The term transplanting and repotting is often used to describe several actions when growing tomatoes from seed or purchasing seedlings for planting.
Re-potting tomato seedlings two or three times before planting them in your garden will help to get your plants off to a good start in their development.
Let’s break down all the different stages in which tomato plants might need to be transplanted, when they occur, and how this can be done in each scenario to ensure your tomato is happy and healthy.
What is Transplanting?
Transplanting is a pretty general term in gardening that basically means moving a plant from one spot to another, often from a smaller space to a larger space. When transplanting a tomato seedlings from one pot to another larger pot, we often say ‘repotting’ as well.
The most notable transplanting period in the gardening season is in the spring, when seedlings grown indoors or purchased from nurseries are transplanted out into the garden.
Young plants purchased from nurseries or gardening centres are even sometimes referred to as ‘transplants’.
Why do I Need to Transplant Tomatoes?
Transplanting tomatoes into larger containers and eventually outside is important for their development, as young tomato plants will quickly outgrow their containers.
If tomatoes are kept in the same small container that they were planted in they will simply run out of room to grow, become rootbound, and likely die.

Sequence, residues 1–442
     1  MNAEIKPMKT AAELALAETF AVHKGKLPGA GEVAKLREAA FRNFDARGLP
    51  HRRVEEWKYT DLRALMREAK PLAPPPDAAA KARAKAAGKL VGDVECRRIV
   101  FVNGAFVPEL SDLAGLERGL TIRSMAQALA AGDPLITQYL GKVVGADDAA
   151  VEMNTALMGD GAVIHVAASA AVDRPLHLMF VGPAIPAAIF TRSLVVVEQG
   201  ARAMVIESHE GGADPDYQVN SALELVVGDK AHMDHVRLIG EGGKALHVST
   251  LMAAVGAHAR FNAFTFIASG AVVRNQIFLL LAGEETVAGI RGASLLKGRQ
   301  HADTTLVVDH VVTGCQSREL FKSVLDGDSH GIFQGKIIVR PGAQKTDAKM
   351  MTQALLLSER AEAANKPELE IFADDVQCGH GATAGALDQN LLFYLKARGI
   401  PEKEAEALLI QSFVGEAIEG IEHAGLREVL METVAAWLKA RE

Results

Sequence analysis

Transplanting helps tomatoes by giving the roots more space and depth to grow downwards and replenishes the soil with fresh nutrients for further growth.
In addition, tomatoes can grow roots from any point on their stem, and you may have noticed the little hairs along the stem that make them slightly fuzzy to touch.
This means that every time tomatoes are transplanted and their exposed stem is buried more deeply, they develop more roots.
This creates a robust and resilient underground root system that will anchor it in place and support the plant for the rest of the season.
When Should Tomatoes be Transplanted?
We can break down the transplanting stages for tomatoes into two main groups: transplanting into larger containers and transplanting out to the garden. Although the process is similar, there are some distinctions to be made between them.
1: Transplanting tomatoes to larger containers (repotting)
If you choose to start your tomatoes from seed indoors you will need to successively increase the pot size for the young seedlings as they grow.
Tomatoes should be started from seed in the early spring about 6-8 weeks before the last frost in your area, and in that time period will likely need to be repotted 2-3 times.
Repotting is essential for young tomato plants, and supports ambitious growth and creates healthy, strong plants.
2: Transplanting tomatoes outdoors
Once your tomato seedlings are sufficiently large (5-10 inches) and all risk of frost has passed in your area, you will need to transplant them to their final home for the rest of the season.